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The following review appeared 16 January 2008 on the Mark Twain Forum.
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Mark Twain's Civil War is a fine, readable collection of writings on the Civil War by and about Mark Twain. Surprisingly, David Rachels begins his collection by telling the story of the U. S. Congressional debate regarding new postage stamps in 1940. Odd as it seems, this is a particularly apt anecdote with which to begin, because it was at this time that a number of mistaken and amusing impressions about Twain's war experiences were aired to the general public. The kicker came when Congressman Joseph Shannon opined that Twain's war service proved that he was "not of the same kidney as real Missourians" (p. 2).
This minor controversy emerged from a debate over the best place to issue the first day stamps bearing the image of Mark Twain: should it be in Hannibal, or Hartford? (Such weighty matters, then as now, are evidently important enough to require the time of tax-paid legislators and to take up valuable space in the Congressional Record, which surely would have delighted, or irritated, the man under discussion.) But a remarkable aspect of this opening episode of the volume is to highlight how Mark Twain's participation (or non-participation) in the War of Secession immediately broaches matters of pride, masculinity, national memory, and the tricky lines separating fiction from fact all at the same time.
Thus does Rachel's interesting introduction focus on two important themes that emerge in his analysis of Mark Twain's war record and the various writings in which they are expressed. First is his consideration of the obvious confusions that turn up from account to account, and indeed overall the sense of confusion that constitutes a major theme in most of these different tales. Rachels does a worthwhile job of showing how confusing service in Missouri really was during these heated times. Nowadays, it is becoming more common for critics to refrain from calling Twain a "Confederate," even though he occasionally used that moniker for himself. Indeed, when I undertook my own lengthy study of the scholarly work on Twain's Civil War writings, I was struck over and over by the sheer number of (often famous) critics who stated unapologetically that Twain was, in fact, a Confederate soldier. However, as several scholars have recently shown (most notably Terrell Dempsey in his excellent historical account, Searching for Jim), Twain was never a Confederate. Rachels does admit as much ("he was technically never a member of the Confederate Army" [p. 7]), but he simultaneously shows how confusing the situation must have been. I would even venture to say that his comments succeed in complicating this issue somewhat, and in emphasizing these difficult distinctions, so that I come away from the introduction slightly less certain of my own understanding about Twain's situation. Despite his important qualifications, Rachels grounds Twain's wartime movements within the sphere of the Confederacy, and some of Rachel's comments are worth questioning, such as when he claims that Twain "fought in support of slavery," or that it was clear to him that he had "answered the call of the Confederacy" (pp. 12, 6). The header of the section on Roughing It begins, "After quitting the confederate cause, Sam Clemens traveled west ..." (p. 21).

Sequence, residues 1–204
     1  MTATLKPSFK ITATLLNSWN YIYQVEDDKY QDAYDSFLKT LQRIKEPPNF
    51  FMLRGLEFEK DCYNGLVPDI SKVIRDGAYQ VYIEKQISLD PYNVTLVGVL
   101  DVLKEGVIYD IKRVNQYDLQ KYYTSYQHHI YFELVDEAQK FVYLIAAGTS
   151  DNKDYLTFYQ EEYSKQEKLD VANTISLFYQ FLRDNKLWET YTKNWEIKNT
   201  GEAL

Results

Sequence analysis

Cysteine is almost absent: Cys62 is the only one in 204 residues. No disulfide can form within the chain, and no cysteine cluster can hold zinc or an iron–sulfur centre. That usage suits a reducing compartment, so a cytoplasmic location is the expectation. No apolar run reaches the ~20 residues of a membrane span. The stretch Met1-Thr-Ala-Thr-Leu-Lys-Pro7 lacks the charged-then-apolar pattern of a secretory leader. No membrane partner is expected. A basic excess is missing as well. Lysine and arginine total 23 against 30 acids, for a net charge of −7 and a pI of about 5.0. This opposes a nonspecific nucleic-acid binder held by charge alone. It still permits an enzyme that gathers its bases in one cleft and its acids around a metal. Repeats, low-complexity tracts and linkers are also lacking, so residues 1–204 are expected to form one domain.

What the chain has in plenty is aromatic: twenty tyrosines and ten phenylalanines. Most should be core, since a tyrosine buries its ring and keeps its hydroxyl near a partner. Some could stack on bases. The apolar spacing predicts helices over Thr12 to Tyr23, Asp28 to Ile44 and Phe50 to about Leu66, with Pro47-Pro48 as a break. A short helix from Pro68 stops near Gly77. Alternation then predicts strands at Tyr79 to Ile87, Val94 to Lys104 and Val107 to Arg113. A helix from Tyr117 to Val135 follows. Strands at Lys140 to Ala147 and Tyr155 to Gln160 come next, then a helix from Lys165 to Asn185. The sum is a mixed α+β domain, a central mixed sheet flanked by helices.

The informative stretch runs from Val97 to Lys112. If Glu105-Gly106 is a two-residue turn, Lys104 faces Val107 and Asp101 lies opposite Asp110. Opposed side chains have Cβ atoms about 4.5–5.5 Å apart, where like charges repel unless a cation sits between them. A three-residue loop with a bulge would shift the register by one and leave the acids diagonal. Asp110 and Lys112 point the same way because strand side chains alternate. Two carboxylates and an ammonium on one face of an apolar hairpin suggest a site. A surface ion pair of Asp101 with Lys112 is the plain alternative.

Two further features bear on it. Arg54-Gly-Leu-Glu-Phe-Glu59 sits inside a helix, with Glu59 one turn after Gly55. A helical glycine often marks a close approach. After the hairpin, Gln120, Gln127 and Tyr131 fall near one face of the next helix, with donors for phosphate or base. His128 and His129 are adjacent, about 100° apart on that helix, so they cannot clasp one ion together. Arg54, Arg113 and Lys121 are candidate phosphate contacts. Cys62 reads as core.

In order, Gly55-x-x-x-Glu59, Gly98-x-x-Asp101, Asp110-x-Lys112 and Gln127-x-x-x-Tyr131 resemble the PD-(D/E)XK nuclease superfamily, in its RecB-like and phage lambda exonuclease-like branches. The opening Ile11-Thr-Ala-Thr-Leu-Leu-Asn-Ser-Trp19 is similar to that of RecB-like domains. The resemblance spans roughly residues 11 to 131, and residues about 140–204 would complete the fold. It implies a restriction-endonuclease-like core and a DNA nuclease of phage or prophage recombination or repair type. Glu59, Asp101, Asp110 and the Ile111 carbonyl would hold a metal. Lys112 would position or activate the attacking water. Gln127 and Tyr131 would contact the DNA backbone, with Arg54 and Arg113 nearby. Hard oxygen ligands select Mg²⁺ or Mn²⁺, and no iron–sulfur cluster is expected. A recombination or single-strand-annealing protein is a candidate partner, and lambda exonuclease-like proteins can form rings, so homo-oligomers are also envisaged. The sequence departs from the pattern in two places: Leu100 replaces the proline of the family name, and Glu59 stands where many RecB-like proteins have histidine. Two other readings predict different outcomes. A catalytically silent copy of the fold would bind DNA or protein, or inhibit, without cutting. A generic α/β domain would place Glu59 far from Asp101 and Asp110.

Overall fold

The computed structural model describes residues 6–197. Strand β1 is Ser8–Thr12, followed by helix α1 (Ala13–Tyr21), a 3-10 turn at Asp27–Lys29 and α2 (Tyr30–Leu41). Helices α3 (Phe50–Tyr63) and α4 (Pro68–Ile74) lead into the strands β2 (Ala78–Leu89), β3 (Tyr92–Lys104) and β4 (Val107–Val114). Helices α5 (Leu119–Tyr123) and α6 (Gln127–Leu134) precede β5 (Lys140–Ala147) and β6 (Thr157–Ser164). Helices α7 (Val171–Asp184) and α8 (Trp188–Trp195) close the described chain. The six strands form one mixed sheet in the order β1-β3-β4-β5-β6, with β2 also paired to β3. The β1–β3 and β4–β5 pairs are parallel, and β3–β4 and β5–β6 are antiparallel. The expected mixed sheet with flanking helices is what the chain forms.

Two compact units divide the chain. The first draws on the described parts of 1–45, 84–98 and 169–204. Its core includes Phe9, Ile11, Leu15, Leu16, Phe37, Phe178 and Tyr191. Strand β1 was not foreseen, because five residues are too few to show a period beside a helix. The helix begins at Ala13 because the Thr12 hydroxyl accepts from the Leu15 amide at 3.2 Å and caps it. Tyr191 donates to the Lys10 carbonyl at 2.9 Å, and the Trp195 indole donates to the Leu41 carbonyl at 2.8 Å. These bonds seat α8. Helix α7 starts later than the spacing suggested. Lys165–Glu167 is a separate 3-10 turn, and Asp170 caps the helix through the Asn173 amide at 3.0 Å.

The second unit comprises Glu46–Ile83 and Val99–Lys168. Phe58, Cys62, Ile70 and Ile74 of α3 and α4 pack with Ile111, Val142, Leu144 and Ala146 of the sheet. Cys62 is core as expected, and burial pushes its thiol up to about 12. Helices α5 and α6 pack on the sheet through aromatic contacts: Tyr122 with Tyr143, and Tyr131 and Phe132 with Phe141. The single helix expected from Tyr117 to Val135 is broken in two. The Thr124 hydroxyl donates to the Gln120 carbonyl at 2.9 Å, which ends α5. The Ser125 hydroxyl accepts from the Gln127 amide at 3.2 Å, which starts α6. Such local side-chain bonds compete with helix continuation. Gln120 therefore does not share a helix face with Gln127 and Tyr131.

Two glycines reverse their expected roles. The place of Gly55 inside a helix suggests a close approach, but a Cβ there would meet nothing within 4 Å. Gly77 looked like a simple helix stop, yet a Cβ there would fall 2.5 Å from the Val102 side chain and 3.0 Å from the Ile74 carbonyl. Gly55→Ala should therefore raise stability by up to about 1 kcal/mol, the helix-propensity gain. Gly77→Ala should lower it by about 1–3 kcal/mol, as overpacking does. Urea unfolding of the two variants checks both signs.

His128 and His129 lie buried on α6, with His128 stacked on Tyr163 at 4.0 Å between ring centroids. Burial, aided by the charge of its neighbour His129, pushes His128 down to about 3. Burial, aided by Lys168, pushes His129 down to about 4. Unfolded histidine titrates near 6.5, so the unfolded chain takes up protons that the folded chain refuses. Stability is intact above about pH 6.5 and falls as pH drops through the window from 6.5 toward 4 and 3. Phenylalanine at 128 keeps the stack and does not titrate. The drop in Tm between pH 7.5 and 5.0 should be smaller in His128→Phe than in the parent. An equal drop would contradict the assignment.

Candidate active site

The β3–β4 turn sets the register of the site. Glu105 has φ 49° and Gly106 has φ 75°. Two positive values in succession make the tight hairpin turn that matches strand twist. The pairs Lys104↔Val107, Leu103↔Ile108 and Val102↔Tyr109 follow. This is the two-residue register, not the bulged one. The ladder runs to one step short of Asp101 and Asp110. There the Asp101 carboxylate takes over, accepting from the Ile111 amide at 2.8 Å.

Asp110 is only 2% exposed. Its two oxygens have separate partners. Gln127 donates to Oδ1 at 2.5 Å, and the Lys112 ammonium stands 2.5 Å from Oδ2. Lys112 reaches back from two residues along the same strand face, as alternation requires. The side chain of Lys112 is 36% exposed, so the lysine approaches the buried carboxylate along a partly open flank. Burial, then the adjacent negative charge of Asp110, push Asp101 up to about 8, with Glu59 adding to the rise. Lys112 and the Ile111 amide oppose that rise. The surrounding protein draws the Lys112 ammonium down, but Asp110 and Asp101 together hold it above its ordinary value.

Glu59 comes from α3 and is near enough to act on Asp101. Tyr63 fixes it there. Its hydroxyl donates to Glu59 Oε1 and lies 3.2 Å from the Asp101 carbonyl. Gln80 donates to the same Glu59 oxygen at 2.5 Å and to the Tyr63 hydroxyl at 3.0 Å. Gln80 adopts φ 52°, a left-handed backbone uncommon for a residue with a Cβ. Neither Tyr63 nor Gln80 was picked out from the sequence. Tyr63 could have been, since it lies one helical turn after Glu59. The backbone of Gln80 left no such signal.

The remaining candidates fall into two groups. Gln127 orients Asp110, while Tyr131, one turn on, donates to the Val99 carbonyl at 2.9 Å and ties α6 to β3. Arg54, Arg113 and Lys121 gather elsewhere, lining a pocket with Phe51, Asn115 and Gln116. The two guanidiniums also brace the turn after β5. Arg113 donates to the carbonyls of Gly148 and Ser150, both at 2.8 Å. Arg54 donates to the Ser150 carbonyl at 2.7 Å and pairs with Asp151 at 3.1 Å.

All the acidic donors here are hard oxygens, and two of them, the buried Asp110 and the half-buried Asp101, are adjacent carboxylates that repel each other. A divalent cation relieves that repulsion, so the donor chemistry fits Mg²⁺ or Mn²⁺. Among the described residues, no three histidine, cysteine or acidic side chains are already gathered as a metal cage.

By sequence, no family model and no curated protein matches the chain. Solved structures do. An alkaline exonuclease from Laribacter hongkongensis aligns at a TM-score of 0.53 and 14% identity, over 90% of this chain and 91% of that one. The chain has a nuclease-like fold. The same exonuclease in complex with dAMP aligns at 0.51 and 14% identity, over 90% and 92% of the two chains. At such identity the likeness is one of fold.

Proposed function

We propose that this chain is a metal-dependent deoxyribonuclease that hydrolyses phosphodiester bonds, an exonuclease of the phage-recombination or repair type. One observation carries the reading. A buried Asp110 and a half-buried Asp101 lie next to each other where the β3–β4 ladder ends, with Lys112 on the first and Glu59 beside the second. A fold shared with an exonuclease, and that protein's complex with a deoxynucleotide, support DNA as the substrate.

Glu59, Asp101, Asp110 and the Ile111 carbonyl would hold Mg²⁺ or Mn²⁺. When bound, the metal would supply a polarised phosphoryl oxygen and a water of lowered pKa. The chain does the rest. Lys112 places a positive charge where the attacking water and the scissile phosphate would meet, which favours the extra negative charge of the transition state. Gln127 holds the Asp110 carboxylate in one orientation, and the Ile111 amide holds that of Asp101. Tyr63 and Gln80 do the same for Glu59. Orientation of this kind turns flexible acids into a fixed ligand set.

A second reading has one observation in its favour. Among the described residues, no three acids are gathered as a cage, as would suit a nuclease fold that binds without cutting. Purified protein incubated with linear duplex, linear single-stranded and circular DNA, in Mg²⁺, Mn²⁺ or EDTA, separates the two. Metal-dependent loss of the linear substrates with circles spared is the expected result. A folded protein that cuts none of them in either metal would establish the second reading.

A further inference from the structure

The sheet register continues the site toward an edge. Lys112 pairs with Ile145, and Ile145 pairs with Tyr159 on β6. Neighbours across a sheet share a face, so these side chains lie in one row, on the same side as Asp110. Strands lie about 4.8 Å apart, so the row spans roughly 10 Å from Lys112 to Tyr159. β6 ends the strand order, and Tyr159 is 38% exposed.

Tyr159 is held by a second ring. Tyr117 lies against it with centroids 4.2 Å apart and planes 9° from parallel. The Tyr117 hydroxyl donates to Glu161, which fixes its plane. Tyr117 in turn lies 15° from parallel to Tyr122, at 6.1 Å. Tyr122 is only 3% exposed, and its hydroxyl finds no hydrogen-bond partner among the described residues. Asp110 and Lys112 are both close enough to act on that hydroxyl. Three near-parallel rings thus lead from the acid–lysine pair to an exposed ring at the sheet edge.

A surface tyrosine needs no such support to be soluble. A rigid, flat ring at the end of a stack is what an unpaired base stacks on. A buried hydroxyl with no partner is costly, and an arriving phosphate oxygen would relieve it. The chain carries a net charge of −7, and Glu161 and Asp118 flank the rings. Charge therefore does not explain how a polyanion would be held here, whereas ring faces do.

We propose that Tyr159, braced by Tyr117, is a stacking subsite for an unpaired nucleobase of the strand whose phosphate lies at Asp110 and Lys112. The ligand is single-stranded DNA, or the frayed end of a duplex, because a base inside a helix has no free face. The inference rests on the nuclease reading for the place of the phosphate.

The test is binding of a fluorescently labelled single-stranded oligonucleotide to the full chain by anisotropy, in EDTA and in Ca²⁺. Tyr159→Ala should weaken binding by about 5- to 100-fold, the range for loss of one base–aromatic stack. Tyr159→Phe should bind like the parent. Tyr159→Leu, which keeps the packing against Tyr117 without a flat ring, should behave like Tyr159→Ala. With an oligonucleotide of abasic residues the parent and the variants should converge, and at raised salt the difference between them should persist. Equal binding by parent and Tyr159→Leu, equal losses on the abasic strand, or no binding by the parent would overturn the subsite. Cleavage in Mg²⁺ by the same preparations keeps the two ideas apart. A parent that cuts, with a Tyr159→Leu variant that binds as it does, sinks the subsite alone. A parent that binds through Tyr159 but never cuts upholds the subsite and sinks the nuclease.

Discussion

We might quibble with these matters, I suspect, but it is also necessary to state, at the very least, that opinions do vary on these matters. In fact Rachels shows admirably that such confusions were relevant to Twain's personal experience of enlisting, and that they are solidly written into several of the accounts, notably his very first public speech on the war, delivered in 1877, when he states that the competing loyalties sent ambiguous signals: "Well, you see, this mixed us. We couldn't really tell which side we were on" (p. 5). This comment is slightly amended in the most famous narrative he produced, the "Private History of a Campaign that Failed" (1885), where Twain says, "This mixed us considerably, and we could not make out just what service we were embarked in" (7). These young recruits were obviously mixed up as to their proper loyalties, and besides Missouri, this must have been a common emotion faced by enlisted soldiers throughout the border states--and quite possibly, affecting many other southerners as well.